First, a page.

Need Advice - Posted by Yolanda(NJ)

Posted by Redline on February 10, 2002 at 17:31:59:

Plus I’m not sure your broker is going to be thrilled with the idea that you’re wanting buy his listings (or potential listings) with “creative” techniques.

Most RE brokers just LOVE creative techniques! :wink:


Need Advice - Posted by Yolanda(NJ)

Posted by Yolanda(NJ) on February 10, 2002 at 09:29:40:


I recently received my real estate liscense. I was in contact with a seller who wanted to sell one of their houses. He wanted to know the value of the property. Him and his wife bought their second house in Pennsylvania. He is tired of commuting to get his rent checks from the tenant. He stated the tenant lived there for 9 years and is always on time with the rent. The tenant wanted to buy the house from them previously but she used the money for her daughter’s college tuition. The owner seems hesitant about selling the house because of the relationship with the tenant. He said he would rather sell it to her first before listing it. The agent whom I am working with suggested to the seller to allow us to list for 30 to 60 days exclusively then if there is no buyer he can work out a deal with the tenant. The only problem with this is we will be out of the deal because of the owners relationship with the tenant.

My question is by reading these articles on this forum. I think the property has potential. The owner owe $40,000 and the comps in the area is around $140,000 to $150,000. It’s a single family home 4 bedrooms, 2baths, unfinished basement and a good location. I would like to purchase the property myself using creative financing. I would keep the tenant there an ask the owner refinance his house and use the subject to approach. Is there another way of handling this situation. Sorry so long just wanted to give u the details. Also, can I still receive a commission on this deal if he decides to do a subject to?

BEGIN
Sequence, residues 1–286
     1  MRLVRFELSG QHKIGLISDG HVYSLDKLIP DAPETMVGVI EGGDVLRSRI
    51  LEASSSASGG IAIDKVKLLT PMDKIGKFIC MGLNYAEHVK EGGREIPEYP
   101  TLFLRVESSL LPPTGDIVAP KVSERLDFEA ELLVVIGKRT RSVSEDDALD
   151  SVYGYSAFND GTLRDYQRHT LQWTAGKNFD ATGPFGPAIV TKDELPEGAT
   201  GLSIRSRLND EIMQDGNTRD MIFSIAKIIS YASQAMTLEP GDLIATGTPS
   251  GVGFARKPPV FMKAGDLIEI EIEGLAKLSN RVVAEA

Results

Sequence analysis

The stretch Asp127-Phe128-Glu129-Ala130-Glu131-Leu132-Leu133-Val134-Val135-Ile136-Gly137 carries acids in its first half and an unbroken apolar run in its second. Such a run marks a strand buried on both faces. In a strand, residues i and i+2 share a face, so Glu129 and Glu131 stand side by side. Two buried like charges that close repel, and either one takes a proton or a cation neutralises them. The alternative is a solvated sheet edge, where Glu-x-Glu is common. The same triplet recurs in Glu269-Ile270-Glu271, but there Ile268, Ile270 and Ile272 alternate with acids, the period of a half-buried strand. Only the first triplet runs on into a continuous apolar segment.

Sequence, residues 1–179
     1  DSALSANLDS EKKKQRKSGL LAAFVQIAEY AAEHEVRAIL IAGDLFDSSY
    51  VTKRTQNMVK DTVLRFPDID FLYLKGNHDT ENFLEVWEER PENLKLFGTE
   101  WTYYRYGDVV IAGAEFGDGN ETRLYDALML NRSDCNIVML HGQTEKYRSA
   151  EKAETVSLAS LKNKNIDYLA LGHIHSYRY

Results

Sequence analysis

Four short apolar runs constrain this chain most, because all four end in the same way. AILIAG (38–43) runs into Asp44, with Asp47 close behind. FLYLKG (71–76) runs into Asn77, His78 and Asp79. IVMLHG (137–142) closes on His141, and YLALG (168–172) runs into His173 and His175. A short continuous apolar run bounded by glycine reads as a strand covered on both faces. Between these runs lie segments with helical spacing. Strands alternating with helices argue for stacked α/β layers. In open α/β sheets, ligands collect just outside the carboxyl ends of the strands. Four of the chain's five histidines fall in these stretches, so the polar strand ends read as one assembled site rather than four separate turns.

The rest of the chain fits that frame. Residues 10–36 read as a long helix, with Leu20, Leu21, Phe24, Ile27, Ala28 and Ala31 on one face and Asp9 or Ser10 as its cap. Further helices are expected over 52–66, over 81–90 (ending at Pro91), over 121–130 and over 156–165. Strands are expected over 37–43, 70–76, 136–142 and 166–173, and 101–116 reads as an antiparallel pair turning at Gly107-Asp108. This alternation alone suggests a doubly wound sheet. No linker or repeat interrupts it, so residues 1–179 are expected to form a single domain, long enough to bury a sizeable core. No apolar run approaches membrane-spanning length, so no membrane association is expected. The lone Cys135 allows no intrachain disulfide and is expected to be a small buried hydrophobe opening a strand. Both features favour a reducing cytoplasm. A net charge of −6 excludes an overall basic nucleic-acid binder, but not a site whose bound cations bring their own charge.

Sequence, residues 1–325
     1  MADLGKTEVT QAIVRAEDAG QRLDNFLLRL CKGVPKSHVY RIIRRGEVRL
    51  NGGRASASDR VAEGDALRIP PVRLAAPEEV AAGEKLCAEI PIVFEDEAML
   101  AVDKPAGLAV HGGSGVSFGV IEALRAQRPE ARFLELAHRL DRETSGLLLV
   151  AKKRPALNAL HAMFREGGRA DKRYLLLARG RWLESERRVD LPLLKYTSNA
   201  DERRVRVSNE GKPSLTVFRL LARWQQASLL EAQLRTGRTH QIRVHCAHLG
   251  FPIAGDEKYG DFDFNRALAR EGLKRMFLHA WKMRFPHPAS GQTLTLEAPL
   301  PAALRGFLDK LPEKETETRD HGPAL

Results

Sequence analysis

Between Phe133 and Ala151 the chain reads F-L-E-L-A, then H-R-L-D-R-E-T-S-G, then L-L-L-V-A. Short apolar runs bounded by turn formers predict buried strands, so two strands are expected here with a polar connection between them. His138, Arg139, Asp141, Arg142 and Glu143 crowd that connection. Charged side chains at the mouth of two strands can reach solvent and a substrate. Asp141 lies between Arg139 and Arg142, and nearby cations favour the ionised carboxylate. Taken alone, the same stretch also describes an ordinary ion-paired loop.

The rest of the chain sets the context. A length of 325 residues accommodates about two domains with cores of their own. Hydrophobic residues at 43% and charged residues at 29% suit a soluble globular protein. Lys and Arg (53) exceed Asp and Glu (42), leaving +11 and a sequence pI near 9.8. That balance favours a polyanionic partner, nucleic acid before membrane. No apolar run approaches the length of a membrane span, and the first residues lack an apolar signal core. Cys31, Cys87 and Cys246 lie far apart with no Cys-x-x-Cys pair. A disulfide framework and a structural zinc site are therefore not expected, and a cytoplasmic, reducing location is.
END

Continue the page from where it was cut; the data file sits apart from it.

Your answers are greatly appreciated.
Good investing.


Re: Need Advice-How about this… - Posted by Glen SoCal

Posted by Glen SoCal on February 10, 2002 at 19:40:49:

There are disclosures you must make, but aside from that, what are you offering the seller? As one poster said, what does he need? Disclosure is less of a problem for you than finding what will motivate the seller enough for you to profit from this deal. Picking up steady rent checks doesn’t seem like a great burden, and for sure he knows about the mailbox, so there must be another motivation.

Disclose everything to everybody. Let the broker, seller, and agent know your interests.

Tell your broker that you will give him a percentage once you sell the property. I imagine he’d take 1 1/2% right? If you found the deal that’s all he’d get anyway unless you double-ended the deal I guess. And the agent your are working with wants a percentage also, right, there’s another 1 1/2%.

The only seller consideration I’ve heard so far is that he wants to give the tenant the first opportunity to buy the place. Also, he wants out. But if he gets out now, the tenant won’t have a chance to get her down payment together to buy the place.